Story by Chase Burgess
A 16-hour flight and a three-hour train ride is all that separates Omar al-Refae from his home in Amman, Jordan. Refae, a double major in Computer Information Systems and Health Information Systems, is a sophomore who is on the junior varsity basketball team at Missouri Valley College.
Refae’s love of basketball started when he was in elementary school. He had a small hoop in his backyard that he would practice on. Refae began playing organized basketball the summer between his fourth and fifth grade year. He attended Al Reyada Scientific High School in Amman, Jordan where he averaged 16 points, five rebounds and three assists per game. Refae played for the club team ASU Sports on the under 15, under 17, and under 19 teams. While playing for ASU Sports, he was coached by a man from Brooklyn, New York.
“I’ve had coaches from the United Sates, Greece, and Jordan which have all given me a perspective as to how basketball is played in different regions of the world,” said al-Refae.
Refae is a fan of the National Basketball Association’s Los Angeles Lakers and the National Collegiate Athletic Association’s University of North Carolina Tar Heels. To say al-Refae is a big fan of the Tar Heels would be an understatement.
“I love Roy Williams. I own and have read all of his books.” al-Refae said. “The thing that grabbed me the most was the fact that Michael Jordan played for them.”
Refae first saw the Tar Heels play back in 2003 when they played the University of Illinois Fighting Illini on ESPN in Jordan. Refae plans on attending graduate school at UNC after he graduates from Valley.
“When I was 14 years old, I called the assistant coaches at UNC. They laughed when they found out how young I was,” al-Refae said.
Although they didn’t offer him a scholarship, the UNC coaches helped point al-Refae in the right direction.
“They told me to start looking at smaller schools, so I found Missouri Valley and I got in contact with assistant coach Ramone Powell. A couple phone calls later, I had a scholarship.”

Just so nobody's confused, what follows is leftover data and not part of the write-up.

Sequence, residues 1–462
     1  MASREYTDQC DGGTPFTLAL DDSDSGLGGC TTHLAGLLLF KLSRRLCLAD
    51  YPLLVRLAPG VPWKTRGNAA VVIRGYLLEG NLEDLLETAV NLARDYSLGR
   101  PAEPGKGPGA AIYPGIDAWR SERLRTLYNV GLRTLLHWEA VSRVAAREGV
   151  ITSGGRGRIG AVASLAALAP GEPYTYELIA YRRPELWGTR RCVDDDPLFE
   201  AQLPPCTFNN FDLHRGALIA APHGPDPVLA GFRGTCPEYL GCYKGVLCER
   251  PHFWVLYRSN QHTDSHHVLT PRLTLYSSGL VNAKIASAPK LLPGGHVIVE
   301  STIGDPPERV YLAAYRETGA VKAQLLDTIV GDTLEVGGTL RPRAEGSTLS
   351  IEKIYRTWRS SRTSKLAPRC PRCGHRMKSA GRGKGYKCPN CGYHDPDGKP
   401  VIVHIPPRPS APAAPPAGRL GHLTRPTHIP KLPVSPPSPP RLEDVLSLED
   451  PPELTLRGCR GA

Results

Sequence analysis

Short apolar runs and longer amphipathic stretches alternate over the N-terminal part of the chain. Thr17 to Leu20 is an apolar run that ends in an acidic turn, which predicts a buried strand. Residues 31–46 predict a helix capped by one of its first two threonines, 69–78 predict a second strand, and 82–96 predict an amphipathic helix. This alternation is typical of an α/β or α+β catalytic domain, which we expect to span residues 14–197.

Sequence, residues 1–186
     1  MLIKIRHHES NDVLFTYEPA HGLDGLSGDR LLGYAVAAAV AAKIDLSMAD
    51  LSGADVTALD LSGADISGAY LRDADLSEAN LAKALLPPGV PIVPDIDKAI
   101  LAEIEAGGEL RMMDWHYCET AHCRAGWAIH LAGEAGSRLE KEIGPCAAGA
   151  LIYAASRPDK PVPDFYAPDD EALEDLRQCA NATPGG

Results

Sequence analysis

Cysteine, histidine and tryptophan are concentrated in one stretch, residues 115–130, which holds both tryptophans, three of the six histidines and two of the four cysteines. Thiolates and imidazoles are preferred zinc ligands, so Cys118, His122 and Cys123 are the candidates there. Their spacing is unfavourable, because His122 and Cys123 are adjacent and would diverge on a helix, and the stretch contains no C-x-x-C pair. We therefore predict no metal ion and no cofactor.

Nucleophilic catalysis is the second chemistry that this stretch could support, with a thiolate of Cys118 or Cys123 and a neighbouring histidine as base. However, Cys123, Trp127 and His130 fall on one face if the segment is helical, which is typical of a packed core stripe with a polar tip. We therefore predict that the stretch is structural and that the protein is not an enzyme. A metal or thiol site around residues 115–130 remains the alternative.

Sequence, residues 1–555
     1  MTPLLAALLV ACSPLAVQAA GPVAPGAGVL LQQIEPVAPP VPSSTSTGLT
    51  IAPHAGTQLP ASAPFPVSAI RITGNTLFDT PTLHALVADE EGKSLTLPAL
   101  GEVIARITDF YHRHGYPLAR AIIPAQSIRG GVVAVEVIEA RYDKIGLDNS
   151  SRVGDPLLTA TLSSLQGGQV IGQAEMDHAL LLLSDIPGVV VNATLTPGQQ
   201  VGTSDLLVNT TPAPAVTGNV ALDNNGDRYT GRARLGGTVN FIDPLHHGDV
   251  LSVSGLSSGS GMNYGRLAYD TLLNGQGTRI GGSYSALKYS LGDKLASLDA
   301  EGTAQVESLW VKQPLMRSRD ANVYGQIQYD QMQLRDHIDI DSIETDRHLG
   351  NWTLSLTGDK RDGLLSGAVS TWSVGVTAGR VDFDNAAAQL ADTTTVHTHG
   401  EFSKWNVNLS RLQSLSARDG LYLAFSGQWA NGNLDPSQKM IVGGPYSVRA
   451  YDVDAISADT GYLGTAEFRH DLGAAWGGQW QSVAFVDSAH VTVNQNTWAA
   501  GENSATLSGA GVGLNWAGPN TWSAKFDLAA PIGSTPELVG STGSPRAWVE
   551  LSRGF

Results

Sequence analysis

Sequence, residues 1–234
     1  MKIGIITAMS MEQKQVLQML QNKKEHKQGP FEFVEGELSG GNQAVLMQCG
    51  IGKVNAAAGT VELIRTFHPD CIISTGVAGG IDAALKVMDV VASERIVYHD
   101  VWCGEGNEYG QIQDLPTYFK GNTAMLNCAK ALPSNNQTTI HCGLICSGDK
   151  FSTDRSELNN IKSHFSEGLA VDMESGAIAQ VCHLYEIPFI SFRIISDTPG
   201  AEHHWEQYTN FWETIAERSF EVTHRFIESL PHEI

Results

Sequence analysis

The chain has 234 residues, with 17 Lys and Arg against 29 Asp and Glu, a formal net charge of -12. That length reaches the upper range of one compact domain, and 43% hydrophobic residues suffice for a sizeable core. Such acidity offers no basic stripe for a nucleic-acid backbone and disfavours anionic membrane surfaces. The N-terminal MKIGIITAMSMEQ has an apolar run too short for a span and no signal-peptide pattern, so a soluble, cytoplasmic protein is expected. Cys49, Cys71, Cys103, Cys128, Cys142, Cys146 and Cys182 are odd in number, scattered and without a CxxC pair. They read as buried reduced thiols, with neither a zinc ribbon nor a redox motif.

In his second year in the program, al-Refae is a leader on the court for the junior varsity team.
“He’s the most experienced player and he’s a very vocal leader,” teammate Matthew Frisk said. Frisk, a freshman from Stover, Mo., is one of the guards on Valley’s junior varsity. “If you make a mistake, he’ll come up to you and explain how to fix the mistake. He’s very helpful to the freshmen.”
Refae works out two to three hours a day on his own on top of attending mandatory practices.
Refae plans on playing professional basketball in Jordan after he receives his master’s degree from UNC. Jordan’s professional basketball league, the Jordanian Basketball League, differs heavily from the NBA. The JBL has only 10 teams, limitations on quality of players on each team, no salary cap, and they use the International Basketball Federation’s, FIBA, rules. Each team is allowed to have only four players who are not from Jordan. These players are called “imports.” This rule is in place to help develop the sport of basketball in Jordan. Each team is also limited to no more than six players from a list called the “Elite 30.” This list details the top 30 players in the JBL.
“Fundamentally, the two leagues are the same, however the NBA is much more athletic,” al-Refae said.
Refae is a leader not only on the court, but off the court as well. Refae works as a resident assistant (RA) in an area where many basketball players live on campus.
“He doesn’t let his RA job get in the way of how he treats his teammates on the court. If a guy on the team gets written up they understand that he’s just doing his job,” Frisk said.
“Omar has been an excellent res-life staff member. No matter who Omar is interacting with, he treats them fairly and consistently,” Brett Fuchs, director of Housing and Residence Life, said.
Being one of only three Muslim students on campus, al-Refae is no stranger to being the punch line of stereotypical jokes about people from the Middle East.
“I’ve never experienced any racism here, but some people joke too much about it. I have thick skin, but sometimes it becomes too much. Overall, people have been very supportive and welcoming.”
It doesn’t matter what country you are from, what religion you are, or what people assume about you and your family. What does matter is how far you will go and how hard you will work to reach your goals. Most people would look at a junior varsity player at an NAIA school such as Valley and wonder: why would you work so hard? For al-Refae, the answer is simple. Basketball is his love, his passion, and hopefully his future.